Thursday, January 7, 2016

Kingdom Mandates and Spiritual Covering (QF: The View from Here)

This series of posts results includes excerpts from information shared with a journalist in August of 2015 who had questions about the Quiverfull Movement as it related to the Duggar Family.

Find the Index of all posts HERE.

Can you elaborate on the experiences you've heard from survivors of the QF cult? The lack of healthcare, emotional and physical abuse, risks of so many pregnancies and births, girls being robbed of their own childhoods, shame surrounding bodies and sex et cetera. It would be great to flesh those as a little so the readers can really understand the terrible impact of these on the women that you've helped.

Raising Children, Response Part Three:

Younger daughters often experience educational neglect, not only because their beleaguered mothers and older siblings are too tired and busy to teach them, many in the movement believe that daughters are not worth educating because their “kingdom mandate” involves a domestic role. 

R.C. Sproul, Jr. describes on pages 110-112 of his book When You Rise Up that the parents of a nine year old who cannot yet read need not be concerned if she can care for younger siblings, make breakfast, and tend to gardening. Parents are counseled against college for daughters in many cases, and resources tend to be channeled towards families’ sons who are permitted to work freely in society.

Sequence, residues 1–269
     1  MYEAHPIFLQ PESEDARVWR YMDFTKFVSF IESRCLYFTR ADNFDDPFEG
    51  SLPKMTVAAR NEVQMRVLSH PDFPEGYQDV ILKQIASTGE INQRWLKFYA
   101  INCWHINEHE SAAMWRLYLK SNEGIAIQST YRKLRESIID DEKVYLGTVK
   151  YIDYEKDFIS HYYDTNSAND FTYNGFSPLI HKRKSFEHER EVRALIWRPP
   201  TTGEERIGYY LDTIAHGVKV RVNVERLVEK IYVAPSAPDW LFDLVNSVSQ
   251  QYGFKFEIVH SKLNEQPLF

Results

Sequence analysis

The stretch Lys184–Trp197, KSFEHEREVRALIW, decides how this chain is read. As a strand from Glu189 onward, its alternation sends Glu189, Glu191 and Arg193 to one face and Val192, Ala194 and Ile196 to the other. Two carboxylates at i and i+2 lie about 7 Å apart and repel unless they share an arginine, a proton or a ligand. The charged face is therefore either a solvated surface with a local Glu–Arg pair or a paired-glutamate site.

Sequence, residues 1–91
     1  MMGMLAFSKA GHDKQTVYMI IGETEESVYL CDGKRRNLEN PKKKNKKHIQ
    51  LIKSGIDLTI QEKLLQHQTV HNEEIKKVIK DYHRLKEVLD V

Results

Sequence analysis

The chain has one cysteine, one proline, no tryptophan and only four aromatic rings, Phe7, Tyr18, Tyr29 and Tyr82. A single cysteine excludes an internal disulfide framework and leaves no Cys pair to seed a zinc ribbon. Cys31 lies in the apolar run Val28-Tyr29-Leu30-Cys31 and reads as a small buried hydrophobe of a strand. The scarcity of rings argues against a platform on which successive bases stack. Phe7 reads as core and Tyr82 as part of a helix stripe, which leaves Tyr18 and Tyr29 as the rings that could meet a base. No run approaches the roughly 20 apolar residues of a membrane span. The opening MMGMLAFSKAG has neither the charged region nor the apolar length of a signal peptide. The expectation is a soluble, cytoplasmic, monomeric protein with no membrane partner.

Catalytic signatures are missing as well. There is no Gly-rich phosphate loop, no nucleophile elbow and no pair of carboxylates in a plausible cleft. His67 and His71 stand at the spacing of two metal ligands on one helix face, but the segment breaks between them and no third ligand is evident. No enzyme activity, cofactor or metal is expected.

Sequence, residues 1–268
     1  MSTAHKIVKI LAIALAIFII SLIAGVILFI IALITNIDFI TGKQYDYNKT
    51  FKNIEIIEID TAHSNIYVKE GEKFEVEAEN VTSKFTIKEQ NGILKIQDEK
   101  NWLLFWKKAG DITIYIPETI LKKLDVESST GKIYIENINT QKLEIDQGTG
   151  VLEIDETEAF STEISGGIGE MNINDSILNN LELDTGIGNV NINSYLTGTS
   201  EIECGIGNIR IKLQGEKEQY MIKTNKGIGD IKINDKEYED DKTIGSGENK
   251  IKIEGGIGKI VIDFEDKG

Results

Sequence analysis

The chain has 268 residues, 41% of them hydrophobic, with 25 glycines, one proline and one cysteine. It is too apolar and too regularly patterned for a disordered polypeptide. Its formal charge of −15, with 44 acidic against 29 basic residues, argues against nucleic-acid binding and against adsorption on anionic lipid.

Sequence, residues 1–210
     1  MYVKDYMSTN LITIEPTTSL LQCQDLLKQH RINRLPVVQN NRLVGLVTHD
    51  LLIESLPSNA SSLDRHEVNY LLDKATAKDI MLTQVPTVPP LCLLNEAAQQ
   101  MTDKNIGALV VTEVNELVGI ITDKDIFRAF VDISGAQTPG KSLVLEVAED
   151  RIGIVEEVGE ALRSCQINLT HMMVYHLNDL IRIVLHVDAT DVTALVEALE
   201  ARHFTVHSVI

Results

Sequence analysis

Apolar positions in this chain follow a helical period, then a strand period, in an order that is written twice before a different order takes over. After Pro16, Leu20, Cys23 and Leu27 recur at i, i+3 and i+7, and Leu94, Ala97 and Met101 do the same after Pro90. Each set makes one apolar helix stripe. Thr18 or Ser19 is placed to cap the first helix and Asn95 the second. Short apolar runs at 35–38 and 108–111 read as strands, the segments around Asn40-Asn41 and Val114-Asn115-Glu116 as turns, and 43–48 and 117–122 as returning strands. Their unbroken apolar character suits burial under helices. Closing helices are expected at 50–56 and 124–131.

Women, even if adults, are said to be at risk of spiritual and physical harm if they move freely in the culture “without a male covering.” And for some like the Jackson Family whose brothers sexually abused their sister over a period of ten years, such abuse often goes unreported because of ignorance, entitlement, and personal shame. As we see in the scandal involving the Duggar Family of the cable TV show about their family of nineteen children, the subculture struggles with proper handling of this kind of abuse, particularly because of the excessive focus placed on purity, sex, and gender.

Particularly as a nurse and as a naturopath, I am deeply concerned for young women who have no means of support apart from their families and who are not offered health care coverage. Some families participate in the medical cost sharing programs that are popular with some within the homeschooling community, but many do not. Children are doused in kerosene to treat lice infestations. Rather than pay for inexpensive soap, in Luddite fashion families will go to great lengths to make their own soap, and many seek to stay “off the grid” by surviving without hot water, heat, and electricity. 

Children in the South have told me of awakening to find rats eating their hair as they sleep in bed. A notably large family in a rather famous “family integrated” church for homeschoolers “simplified” their lives by moving to a mobile home to be close to one of the QF/P leaders, but their property did not have potable water. The church venerated their sacrifice for their children’s daily work of carrying water from a generous neighbor’s property, as though this constituted suffering for Christianity itself. In a recent report about the Naugler Family, their family also relied upon a neighbor for drinkable water which they obtained without their blessing.

~ Cynthia Kunsman
The view of Quiverfull from my vantage
August 2015